• I was hoping that Iran would outmaneuver Trump diplomatically and make him look like the stupid Zionist thug he is, but unfortunately the large number of deaths because of a stampede at the funeral procession and the downing of the Ukrainian airliner has just made Iran look like a stupid third world country and made it very difficult to defend them. I initially thought that this latest act of aggression from the US might be the beginning of the unraveling of their empire, but unfortunately it appears not. Unfortunately Trump now looks even stronger than he did as far as the majority are concerned and Iran looks even more backward and contemptible than it did before. [Unz]
  • In many countries project expenses and payroll for the local crew need to be carried in cash. Whether you're managing a team of thirty working for months at the edge of the grid, or on a solo trip to negotiate a significant cash transaction, the 1M Hauly is designed for discreet, safe carry of up to $1 Million USD in strapped, new or used $100 USD banknotes. Designed to address the six main issues with carrying significant volume banknotes in field: risk of discovery; risk of damage (especially in high-humidity, monsoon environments); container robustness; carryability; glide; and in-field accounting. [SDR Traveler]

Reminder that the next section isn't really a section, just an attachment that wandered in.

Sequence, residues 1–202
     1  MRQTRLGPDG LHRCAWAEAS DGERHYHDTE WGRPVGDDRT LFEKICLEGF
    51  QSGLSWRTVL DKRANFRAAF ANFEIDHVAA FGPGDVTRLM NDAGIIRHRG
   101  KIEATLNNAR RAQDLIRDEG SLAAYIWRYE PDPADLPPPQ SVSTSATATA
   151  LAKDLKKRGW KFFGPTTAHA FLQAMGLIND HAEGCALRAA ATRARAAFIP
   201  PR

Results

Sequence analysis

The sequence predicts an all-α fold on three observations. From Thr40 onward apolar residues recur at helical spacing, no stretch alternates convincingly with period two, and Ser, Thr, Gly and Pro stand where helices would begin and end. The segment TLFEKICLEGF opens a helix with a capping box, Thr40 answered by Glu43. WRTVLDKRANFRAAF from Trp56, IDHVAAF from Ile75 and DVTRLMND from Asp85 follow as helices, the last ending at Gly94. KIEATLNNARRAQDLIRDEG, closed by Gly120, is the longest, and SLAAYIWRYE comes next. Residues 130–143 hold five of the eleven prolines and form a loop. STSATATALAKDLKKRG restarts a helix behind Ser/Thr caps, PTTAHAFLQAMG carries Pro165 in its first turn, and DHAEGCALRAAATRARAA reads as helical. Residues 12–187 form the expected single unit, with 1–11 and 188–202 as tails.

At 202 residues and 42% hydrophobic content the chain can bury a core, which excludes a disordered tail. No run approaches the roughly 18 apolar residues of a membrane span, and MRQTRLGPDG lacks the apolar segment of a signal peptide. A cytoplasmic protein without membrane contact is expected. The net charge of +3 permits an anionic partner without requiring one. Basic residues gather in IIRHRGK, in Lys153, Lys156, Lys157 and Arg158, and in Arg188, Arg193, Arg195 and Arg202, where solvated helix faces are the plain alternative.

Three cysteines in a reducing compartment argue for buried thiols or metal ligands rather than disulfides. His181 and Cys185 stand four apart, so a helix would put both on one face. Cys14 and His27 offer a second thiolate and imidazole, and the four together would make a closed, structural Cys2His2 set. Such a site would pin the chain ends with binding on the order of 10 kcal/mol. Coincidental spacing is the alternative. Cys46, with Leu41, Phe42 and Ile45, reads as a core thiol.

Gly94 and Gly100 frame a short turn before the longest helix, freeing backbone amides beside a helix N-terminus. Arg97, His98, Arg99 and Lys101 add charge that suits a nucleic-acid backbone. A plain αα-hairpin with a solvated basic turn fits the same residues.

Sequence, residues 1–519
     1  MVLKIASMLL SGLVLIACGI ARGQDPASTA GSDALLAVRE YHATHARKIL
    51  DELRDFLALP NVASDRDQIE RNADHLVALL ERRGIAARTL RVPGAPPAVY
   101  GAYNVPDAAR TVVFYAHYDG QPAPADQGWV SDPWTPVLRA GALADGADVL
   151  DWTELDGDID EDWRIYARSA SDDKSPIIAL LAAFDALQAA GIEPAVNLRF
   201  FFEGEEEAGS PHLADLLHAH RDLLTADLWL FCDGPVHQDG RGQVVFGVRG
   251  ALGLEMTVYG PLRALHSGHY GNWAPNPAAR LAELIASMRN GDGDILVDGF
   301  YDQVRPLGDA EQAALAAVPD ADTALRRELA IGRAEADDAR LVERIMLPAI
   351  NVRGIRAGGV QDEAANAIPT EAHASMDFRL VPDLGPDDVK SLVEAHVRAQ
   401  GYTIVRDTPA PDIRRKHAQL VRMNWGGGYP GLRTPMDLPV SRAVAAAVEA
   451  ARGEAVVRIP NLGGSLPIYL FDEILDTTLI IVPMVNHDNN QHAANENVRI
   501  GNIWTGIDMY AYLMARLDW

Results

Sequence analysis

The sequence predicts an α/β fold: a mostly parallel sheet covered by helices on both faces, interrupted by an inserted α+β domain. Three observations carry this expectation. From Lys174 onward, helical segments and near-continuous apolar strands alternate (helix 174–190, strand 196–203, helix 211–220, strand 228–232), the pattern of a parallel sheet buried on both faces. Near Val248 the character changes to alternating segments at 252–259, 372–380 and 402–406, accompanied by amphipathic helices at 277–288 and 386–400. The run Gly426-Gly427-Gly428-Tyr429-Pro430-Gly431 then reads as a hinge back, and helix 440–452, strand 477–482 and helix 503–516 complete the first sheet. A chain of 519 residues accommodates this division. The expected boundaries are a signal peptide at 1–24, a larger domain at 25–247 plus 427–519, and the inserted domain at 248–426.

• Every soldier in Vietnam used one ton of copper per year, I think that it's as if they were fighting each other with ingots of copper. So I was forecasting copper prices by looking at the troop build-up, one ton of copper per army person, and forecasting that the price of copper would go up. So I was known for a while as Mr. Copper. As I said, Anaconda was Chase's main client, and Kennecott was the client of Citibank, and they're a group of commodity people in Wall Street that just love copper. I love copper and when one head of the group said, "Aluminum is a shit metal," I felt the same way that copper is nice. [Michael Hudson]